Athletes who feed off the motivational junk food of performing to increase their personal ego risk missing out on the positive health, psychological and social benefits of sports.
Ego-oriented athletes are less likely to have the energy it takes to achieve their goals – and even if they do – most are not likely to experience the positive energy, vitality, or sense of well-being required to sustain their performance over time.
While we all are motivated by ego at some level. The problem comes when athletes allow ego to become their main source of motivation. When athletes chase external validation, they lose focus of purpose, personal growth, team goals and the joy and fun of competing.
As coaches it is our job to understand “why” our players are motivated and connect that “why” to a better understanding of feelings, beliefs, and intentions of each player’s behavior. When we discover a player is ego-oriented versus task-oriented we have some work to do.
Ego-driven athletes tend to be the ones that find the least amount of joy in what they are doing. They also tend to have the most trouble “getting back in the saddle” and staying focused after a loss, failure, or when they encounter an obstacle. Instead of identifying the lessons that could be learned, they spend most of their energy comparing themselves to others and blaming things outside of their control for their shortcomings.
The most common characteristics of an ego-driven athlete include the following:
- Competes to beat other people and show that they are better than everyone else.
- Feels the need to prove something to their friends, coaches, parents, etc.
- Enjoys competition only if they win
- Views failures as setbacks or disasters and likes to blame others
- Feels envy, jealousy, or anger when others are successful
- Believes athletic abilities are a key component of their identity and self-worth
- Most, if not all, actions are self-serving and selfish in nature
- Tends to be narcissistic, egocentric and lacks selflessness
- Values significance, approval of others and external motivators above all else.
Coaching ego-oriented players who are self-absorbed can be a challenge, especially when team cohesiveness is not part of the athlete’s goals or objectives. Inflated egos seek glory for themselves and tend to put “Me” before anyone else.
In addition to the previously mentioned characteristics ego-oriented players make coaching them very difficult.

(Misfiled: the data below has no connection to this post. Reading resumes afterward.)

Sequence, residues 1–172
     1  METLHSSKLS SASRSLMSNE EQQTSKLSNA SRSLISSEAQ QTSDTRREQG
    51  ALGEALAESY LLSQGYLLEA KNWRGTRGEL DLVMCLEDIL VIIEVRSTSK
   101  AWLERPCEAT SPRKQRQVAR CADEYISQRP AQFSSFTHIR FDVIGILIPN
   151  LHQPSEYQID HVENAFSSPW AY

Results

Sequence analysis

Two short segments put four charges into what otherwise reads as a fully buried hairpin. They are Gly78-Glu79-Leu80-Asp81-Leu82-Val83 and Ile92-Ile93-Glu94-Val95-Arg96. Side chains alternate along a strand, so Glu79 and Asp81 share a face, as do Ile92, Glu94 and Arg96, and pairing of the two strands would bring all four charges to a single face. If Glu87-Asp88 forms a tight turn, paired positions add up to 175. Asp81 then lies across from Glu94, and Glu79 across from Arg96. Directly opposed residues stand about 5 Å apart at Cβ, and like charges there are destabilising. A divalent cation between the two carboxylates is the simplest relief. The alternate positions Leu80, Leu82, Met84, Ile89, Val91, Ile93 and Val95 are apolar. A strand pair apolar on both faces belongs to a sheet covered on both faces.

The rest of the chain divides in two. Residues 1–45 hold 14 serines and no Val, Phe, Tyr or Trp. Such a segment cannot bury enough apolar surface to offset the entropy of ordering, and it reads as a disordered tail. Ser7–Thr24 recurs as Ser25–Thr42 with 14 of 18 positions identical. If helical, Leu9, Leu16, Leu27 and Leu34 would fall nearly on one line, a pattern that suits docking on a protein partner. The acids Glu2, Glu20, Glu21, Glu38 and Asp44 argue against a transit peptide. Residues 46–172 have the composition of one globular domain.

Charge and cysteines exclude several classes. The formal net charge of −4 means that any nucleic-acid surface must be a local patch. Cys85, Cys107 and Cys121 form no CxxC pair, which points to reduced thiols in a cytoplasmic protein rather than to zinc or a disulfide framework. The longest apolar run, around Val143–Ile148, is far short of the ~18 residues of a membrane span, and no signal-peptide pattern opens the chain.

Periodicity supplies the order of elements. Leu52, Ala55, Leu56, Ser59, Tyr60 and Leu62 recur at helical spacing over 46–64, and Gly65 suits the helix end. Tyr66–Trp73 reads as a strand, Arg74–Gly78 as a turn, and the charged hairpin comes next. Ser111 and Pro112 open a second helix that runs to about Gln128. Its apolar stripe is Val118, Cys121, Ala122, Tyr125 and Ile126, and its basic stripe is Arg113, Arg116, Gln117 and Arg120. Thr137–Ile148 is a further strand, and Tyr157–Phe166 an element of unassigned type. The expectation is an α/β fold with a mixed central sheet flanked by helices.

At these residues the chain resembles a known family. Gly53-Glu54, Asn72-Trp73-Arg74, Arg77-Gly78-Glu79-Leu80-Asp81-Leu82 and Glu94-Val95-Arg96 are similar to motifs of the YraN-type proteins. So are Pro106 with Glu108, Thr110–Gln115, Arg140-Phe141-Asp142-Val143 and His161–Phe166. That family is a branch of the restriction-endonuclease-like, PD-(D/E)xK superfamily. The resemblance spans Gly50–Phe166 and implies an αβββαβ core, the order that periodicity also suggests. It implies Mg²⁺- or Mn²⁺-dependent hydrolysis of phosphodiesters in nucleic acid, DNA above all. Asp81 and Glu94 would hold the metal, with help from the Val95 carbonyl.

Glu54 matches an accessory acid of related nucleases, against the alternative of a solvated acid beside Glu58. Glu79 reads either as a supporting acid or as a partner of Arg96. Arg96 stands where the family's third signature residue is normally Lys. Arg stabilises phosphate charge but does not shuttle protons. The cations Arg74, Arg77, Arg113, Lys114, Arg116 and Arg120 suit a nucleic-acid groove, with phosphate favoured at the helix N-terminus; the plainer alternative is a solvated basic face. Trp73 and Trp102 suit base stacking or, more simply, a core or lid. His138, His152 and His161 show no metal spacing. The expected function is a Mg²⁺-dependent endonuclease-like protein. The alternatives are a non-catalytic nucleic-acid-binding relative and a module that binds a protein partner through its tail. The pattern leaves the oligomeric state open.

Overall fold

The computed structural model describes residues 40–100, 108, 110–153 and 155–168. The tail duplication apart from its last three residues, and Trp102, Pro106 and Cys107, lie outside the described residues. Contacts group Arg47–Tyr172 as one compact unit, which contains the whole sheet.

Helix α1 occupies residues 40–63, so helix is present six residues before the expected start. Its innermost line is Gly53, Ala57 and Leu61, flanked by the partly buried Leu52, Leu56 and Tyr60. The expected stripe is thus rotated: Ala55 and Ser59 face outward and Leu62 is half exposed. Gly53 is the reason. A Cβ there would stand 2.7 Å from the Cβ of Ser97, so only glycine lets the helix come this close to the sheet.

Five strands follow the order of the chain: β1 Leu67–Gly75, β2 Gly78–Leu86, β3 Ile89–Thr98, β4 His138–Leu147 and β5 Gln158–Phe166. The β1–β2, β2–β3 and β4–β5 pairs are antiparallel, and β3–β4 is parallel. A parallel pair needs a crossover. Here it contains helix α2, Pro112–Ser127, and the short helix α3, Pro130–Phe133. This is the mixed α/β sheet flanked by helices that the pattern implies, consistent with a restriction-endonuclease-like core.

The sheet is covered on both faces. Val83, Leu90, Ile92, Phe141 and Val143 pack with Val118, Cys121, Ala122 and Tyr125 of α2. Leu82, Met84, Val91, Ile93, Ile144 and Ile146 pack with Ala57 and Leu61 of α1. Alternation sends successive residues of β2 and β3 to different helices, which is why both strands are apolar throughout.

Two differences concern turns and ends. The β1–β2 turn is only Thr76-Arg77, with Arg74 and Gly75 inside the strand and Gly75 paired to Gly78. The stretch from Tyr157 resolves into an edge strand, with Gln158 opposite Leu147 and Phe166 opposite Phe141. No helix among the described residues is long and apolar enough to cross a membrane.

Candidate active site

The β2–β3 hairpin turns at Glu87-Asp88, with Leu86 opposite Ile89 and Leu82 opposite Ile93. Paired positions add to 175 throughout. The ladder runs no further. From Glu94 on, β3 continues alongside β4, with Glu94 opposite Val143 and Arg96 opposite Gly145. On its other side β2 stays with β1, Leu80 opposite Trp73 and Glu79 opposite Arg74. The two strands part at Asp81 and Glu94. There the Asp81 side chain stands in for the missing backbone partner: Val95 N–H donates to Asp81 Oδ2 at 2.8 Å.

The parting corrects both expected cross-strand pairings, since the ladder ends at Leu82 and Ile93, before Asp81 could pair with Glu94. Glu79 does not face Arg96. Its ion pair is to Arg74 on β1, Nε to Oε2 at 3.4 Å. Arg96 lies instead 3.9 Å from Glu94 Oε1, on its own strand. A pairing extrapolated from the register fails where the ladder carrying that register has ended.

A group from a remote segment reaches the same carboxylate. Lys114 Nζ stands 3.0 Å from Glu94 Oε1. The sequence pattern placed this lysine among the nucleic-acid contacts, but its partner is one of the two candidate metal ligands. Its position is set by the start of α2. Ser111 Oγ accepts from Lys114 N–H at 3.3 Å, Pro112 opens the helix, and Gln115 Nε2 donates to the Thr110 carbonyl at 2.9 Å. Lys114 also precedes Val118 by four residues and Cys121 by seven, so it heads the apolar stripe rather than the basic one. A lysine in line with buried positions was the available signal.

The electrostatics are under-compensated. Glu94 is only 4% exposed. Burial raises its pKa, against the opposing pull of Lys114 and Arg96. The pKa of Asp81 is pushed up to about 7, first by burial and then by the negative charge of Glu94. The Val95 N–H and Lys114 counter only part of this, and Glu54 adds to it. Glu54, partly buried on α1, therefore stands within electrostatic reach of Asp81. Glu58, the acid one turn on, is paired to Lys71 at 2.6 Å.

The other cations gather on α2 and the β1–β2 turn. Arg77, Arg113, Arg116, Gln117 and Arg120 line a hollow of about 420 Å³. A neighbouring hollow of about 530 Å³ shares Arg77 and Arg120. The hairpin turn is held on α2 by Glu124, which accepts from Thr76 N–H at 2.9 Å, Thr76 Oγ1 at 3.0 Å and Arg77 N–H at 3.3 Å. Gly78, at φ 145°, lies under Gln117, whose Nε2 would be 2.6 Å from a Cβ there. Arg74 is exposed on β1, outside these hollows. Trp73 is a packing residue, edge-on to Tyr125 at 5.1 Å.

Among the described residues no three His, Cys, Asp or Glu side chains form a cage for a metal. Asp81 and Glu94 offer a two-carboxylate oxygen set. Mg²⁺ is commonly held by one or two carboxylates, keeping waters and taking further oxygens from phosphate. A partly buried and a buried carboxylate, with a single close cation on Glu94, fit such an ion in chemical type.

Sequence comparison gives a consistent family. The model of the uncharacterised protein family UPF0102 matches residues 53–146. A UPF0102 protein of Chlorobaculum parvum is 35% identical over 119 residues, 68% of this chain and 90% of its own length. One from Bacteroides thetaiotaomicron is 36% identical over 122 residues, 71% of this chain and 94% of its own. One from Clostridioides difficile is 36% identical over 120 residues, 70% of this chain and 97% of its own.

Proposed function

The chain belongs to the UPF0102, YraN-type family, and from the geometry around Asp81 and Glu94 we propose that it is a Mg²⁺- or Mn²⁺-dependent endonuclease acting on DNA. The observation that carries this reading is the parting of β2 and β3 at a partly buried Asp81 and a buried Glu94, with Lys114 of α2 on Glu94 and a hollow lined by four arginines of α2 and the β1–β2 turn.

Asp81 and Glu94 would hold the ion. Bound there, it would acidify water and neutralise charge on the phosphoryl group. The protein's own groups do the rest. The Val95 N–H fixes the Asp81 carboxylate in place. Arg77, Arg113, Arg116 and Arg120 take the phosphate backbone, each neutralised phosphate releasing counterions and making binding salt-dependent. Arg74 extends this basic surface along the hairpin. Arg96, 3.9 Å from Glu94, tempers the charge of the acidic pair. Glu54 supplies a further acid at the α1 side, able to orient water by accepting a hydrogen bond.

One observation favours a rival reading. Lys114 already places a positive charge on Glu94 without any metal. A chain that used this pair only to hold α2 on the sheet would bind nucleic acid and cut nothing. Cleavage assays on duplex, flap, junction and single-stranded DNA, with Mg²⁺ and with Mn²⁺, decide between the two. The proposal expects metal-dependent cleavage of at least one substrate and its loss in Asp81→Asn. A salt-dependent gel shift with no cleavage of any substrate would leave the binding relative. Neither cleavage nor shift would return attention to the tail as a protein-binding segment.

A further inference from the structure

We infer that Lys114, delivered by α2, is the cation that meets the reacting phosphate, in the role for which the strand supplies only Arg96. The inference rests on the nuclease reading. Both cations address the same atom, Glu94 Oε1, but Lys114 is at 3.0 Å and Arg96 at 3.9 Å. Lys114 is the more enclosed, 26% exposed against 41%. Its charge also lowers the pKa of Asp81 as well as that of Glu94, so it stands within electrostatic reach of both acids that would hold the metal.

They tend to be un-coachable and have difficulty listening. Psychologist, Carl Jung, famously said, “An inflated consciousness is hypnotized by itself and therefore can’t be argued with” – we’ve probably all dealt with such players.
They tend to take credit for team accomplishments and focus on individual statistics.
And . . .
They tend to refuse to accept mistakes – which only exposes their insecurity and false pride. This becomes further problematic when they impose their concept of perfectionism onto their teammates and become highly critical and vocal about any weakness or mistake by others. Verbally attacking others is a method of making themselves feel better about themselves by putting others down.
Lastly, ego-oriented players often grossly underestimate challenges – Like General Custer who was quoted as saying, “There are not enough Indians in the world to defeat the 7th Calvary” – ego-oriented players tend to think their ability alone can carry them to victory without truly buying into the hard work and practice necessary to succeed over the long-term.
This often leads to why some of the most talented players sink into the lowest motivational level of becoming disinterested. Disinterest results when the ego-centered player is faced with defeat or an opponent that threatens their perception of their own ability. This in turn damages their ego and thereby their motivation.
If an athlete begins to believe they do not have the ability to reach their personal goals they either must change their goals or improve their ability. This cycle in turn can create situations in which the athlete reduces effort and becomes disinterested, sometimes called “tanking,” in order to avoid direct comparison of ability to others.
As coaches, we must wean our players, even our most talented players, off the motivational junk food of ego. Sustainable energy, enthusiasm and team chemistry requires all our players are motivated by higher levels of motivation such as learning & improving new skills, team goals above personal accolades and the joy & fun from competing.
The good news is most coaches, with the right tools, can help their players who have become addicted to the motivational junk food of ego. To learn more consider taking our new E-course coming soon: Coaching and Motivating Today’s Student Athlete.